“We are not seeing large increases in health care providers who are suffering from a major depressive disorder or generalized anxiety disorder,” Dr. Leuchter says. “But we are seeing a surge in symptoms of mental distress – sadness, hopelessness, and feeling overwhelmed, anxious or unsettled. Those are understandable emotional reactions in this crisis.”

Health care workers who are experiencing distress can benefit from psychological support and stress-reducing activities, he says.

“Any time individuals are dealing with overwhelming emotions it is valuable to try to reach out and get resources to help with that,” Dr. Leuchter says.

The Headspace study at UCLA will help advance the science of mindfulness meditation. Headspace, based in Santa Monica, is a company focusing on mindfulness and meditation apps and online content.

Mindfulness meditation is a way to become more attuned to the present moment which, in turn, can lessen the psychological impact of what’s going on in the larger world. Techniques to achieve mindfulness usually include finding a quiet space to sit, breathing deeply and staying focused on the present. The Headspace app, which is free to the UCLA health care workers participating in the study, guides users with exercises and suggestions.

“It helps people center themselves, reduces anxiety and gets them in a peaceful place,” Dr. Sarna says of mindfulness meditation. “It helps us develop skills on how to deal with anxious situations. Meditation is not new. But this app makes it easy and fun.”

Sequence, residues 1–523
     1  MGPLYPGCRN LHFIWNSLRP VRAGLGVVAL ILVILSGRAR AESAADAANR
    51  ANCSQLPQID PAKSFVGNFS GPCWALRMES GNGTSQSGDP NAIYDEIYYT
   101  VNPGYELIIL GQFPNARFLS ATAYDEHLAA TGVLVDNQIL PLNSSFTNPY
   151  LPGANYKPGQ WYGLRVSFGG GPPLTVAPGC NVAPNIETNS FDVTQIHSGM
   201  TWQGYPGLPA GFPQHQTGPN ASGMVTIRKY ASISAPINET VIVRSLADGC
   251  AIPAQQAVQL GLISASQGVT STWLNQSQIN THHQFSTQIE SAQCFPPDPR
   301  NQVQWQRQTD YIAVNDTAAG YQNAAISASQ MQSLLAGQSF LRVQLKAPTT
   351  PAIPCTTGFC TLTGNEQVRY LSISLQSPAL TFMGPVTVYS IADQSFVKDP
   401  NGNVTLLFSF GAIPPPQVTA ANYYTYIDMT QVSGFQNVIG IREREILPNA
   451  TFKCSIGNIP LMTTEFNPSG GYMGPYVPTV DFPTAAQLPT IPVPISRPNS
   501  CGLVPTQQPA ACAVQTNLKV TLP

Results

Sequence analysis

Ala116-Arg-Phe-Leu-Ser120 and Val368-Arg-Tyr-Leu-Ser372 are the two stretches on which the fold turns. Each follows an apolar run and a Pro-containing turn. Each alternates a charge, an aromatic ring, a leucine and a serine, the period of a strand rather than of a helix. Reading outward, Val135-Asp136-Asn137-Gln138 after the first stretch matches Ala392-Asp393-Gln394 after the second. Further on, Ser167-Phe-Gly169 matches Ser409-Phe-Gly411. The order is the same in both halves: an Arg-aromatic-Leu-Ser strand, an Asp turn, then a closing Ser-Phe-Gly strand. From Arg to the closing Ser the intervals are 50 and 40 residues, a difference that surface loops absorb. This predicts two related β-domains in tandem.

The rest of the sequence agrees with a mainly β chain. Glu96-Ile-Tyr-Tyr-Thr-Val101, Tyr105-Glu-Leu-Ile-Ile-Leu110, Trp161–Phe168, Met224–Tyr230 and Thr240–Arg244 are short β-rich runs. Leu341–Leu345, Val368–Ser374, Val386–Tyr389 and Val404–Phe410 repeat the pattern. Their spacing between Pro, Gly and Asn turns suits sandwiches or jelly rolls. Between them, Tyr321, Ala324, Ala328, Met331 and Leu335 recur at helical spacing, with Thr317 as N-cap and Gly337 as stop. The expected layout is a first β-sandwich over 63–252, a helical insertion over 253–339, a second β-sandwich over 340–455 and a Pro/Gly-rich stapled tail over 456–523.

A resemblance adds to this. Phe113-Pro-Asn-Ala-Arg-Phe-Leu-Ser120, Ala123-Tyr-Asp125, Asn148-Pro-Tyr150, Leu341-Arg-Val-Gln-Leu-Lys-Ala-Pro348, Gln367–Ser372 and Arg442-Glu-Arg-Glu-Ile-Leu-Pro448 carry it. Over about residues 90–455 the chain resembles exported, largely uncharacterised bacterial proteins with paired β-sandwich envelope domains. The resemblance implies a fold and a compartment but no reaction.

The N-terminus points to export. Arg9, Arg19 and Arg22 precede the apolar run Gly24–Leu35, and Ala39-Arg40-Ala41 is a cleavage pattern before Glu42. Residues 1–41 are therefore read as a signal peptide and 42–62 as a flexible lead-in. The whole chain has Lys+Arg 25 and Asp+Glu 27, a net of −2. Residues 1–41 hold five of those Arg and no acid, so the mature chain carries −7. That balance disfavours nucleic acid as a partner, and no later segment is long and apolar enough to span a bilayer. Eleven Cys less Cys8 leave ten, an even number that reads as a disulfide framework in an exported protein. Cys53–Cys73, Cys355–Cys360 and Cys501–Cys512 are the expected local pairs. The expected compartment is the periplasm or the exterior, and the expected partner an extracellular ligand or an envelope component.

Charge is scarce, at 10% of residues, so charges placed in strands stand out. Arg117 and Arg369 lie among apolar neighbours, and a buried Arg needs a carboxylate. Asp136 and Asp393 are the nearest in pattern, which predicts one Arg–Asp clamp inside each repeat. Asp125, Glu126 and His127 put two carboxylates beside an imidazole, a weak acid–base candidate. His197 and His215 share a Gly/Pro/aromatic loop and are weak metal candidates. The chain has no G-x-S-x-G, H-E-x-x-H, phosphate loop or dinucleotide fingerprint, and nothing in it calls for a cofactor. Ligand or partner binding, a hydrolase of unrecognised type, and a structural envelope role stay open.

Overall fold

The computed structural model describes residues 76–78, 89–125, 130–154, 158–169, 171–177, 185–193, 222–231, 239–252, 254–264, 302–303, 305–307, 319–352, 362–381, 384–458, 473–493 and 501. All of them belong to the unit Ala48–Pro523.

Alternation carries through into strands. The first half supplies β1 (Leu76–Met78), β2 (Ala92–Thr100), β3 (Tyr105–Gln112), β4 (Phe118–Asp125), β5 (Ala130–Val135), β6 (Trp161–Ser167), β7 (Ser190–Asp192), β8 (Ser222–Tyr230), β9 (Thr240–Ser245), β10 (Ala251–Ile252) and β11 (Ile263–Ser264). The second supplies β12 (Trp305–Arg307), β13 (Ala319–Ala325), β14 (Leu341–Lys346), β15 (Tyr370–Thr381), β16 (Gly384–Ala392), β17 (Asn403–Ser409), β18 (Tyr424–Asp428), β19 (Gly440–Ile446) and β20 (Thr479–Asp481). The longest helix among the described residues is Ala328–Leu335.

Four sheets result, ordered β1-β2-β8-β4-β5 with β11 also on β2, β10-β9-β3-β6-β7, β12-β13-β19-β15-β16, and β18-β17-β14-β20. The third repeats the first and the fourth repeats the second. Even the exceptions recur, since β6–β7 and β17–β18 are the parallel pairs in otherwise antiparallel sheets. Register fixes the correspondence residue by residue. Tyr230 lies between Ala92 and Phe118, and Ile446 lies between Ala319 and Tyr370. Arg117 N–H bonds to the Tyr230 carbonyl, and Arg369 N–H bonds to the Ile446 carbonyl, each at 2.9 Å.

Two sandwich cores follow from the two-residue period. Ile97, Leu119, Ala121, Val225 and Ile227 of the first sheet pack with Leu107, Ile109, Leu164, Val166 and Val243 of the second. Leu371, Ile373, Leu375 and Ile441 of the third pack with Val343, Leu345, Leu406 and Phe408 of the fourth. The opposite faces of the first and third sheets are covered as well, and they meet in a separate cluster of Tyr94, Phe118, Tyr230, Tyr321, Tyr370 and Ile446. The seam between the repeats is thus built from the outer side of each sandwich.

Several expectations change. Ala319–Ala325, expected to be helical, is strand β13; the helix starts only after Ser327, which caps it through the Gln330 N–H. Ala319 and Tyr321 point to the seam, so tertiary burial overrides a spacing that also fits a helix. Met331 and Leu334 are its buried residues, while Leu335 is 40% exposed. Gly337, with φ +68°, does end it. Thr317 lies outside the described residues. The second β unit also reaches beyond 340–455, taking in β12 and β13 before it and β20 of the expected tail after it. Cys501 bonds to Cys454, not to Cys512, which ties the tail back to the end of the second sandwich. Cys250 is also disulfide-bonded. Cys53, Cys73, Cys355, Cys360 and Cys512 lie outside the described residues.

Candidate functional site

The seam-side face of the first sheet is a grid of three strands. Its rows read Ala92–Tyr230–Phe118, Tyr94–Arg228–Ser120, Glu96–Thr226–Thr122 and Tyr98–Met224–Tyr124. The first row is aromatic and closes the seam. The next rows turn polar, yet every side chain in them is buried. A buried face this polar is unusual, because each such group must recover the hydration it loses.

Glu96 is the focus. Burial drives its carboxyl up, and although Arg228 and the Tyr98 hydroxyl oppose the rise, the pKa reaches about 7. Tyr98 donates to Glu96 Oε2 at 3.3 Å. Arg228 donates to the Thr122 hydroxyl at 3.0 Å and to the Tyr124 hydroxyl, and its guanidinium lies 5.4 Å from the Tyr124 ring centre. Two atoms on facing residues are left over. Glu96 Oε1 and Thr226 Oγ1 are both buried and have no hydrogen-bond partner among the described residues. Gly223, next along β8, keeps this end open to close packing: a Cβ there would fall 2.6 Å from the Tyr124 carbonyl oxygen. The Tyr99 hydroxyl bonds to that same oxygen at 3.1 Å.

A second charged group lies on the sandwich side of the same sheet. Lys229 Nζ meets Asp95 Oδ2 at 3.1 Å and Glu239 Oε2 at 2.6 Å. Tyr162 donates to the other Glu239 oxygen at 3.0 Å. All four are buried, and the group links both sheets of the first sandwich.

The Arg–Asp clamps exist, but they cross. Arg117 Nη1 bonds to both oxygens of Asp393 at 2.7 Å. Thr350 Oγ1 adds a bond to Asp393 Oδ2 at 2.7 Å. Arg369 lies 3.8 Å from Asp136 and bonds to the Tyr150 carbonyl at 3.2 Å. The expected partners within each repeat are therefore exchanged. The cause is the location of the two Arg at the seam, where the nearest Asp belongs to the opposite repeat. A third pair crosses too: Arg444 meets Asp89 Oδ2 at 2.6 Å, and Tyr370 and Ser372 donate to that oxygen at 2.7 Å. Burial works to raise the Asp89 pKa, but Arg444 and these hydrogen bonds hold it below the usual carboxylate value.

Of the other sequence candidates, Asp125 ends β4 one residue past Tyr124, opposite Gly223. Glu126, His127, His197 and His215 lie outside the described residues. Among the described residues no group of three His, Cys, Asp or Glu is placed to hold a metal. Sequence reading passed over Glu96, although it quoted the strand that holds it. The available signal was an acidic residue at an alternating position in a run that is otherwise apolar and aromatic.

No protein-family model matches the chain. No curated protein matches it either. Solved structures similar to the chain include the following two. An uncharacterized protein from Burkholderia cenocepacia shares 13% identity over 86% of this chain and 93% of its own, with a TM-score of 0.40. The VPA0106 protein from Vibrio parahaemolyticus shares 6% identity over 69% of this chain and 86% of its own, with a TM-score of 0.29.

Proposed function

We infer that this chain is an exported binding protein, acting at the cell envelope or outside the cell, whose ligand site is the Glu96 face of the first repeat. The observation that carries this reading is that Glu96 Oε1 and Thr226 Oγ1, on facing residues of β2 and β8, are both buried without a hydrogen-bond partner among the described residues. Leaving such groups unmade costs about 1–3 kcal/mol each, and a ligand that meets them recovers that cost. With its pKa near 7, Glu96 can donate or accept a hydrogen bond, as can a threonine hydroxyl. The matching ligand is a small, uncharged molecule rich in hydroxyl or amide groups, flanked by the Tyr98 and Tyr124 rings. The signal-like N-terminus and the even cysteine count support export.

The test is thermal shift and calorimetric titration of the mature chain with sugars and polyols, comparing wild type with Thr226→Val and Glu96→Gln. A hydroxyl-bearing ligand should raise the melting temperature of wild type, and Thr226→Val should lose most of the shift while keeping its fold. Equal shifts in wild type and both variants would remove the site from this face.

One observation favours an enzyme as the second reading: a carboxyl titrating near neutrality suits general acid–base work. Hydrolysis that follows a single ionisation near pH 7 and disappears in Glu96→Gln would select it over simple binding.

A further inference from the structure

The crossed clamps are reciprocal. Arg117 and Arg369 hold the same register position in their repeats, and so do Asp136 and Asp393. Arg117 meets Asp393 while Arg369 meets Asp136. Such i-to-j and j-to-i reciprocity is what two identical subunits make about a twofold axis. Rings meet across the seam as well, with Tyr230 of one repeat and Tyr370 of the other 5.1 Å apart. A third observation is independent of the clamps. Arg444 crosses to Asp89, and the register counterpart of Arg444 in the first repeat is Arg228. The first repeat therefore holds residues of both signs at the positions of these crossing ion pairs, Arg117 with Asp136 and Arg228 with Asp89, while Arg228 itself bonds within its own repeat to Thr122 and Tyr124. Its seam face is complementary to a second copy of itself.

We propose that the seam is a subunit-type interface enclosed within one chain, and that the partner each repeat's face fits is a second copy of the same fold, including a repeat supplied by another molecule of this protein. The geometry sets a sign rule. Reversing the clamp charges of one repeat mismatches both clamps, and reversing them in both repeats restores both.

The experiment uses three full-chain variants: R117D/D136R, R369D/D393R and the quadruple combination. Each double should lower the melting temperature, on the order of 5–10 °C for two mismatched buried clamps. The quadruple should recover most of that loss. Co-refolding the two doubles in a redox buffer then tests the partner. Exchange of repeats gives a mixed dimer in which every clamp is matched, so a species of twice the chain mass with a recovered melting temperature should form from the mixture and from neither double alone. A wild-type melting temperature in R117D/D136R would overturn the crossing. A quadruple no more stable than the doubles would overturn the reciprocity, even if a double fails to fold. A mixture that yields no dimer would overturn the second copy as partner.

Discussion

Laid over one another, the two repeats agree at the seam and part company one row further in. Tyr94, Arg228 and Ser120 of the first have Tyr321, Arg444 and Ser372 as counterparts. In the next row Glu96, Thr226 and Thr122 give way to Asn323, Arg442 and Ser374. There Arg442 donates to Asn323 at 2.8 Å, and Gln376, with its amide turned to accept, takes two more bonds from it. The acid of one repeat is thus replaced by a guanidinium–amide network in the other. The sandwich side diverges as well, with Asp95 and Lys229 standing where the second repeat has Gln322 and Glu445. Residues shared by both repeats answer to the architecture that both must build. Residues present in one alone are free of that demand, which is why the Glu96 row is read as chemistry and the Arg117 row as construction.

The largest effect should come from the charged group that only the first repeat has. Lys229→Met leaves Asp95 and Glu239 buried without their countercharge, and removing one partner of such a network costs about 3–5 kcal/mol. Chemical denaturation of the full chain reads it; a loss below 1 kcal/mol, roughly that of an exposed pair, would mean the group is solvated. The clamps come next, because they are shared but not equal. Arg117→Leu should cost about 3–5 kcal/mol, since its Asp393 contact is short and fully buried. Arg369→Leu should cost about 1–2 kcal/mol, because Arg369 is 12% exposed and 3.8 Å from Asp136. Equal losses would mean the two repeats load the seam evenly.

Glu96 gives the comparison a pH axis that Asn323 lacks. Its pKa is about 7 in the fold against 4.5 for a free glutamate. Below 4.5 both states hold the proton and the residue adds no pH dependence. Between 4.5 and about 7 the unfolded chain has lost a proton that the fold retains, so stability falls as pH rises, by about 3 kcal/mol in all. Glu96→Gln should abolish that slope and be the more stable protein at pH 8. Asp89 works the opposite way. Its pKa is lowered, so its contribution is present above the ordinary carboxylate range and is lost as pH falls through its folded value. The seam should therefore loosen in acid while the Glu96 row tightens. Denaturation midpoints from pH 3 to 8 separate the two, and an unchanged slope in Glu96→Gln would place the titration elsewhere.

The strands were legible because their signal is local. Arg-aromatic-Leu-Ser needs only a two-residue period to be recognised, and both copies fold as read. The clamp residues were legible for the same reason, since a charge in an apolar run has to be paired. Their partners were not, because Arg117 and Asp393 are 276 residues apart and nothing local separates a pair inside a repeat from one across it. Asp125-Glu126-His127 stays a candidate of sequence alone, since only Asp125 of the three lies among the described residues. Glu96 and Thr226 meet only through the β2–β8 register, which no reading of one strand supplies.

The study will evaluate how the app affects symptoms of psychological distress in health care workers, Dr. Sarna says.

“There is a growing body of literature that mindfulness meditation can be helpful in dealing with overwhelming emotions and feelings of hopelessness, helplessness, anxiety, sadness and difficulty sleeping,” Dr. Leuchter says. However, he notes, more research is needed about how an app such as Headspace can benefit specific populations on a broader scale.  It is particularly important to include people living in resource-poor communities that have been hard hit during the pandemic.

Now, five months into the pandemic, Dr. Eshaghian says she thinks more about how to strengthen her coping skills and protect her health. UCLA coworkers lean on each other for support, she says. Apps like Headspace and other free programs for health care workers, such as those provided by UCLA’s Spiritual Care department, are valuable tools for self-care, she says.

“Health care workers should be aware that there are free services for anybody who needs more support,” she says. “You can be doing this for 40 years, but this particular illness has been nothing like we’ve ever seen.”

Dr. Eshaghian says she recently scheduled a week for a long-delayed vacation.

“I told my husband, we have to take a week off in August,” she says. “Even if it’s just for a mental health break and we sit at home in the backyard, that’s fine. People have to take care of themselves.”